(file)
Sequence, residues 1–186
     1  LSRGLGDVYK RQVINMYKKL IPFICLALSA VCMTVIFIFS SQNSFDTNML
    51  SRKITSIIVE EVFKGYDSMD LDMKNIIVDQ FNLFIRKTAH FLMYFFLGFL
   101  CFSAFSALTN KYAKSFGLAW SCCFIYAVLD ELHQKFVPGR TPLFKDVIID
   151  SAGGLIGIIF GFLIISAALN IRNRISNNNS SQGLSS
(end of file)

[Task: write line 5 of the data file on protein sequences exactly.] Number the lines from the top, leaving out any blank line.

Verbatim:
   151  SAGGLIGIIF GFLIISAALN IRNRISNNNS SQGLSS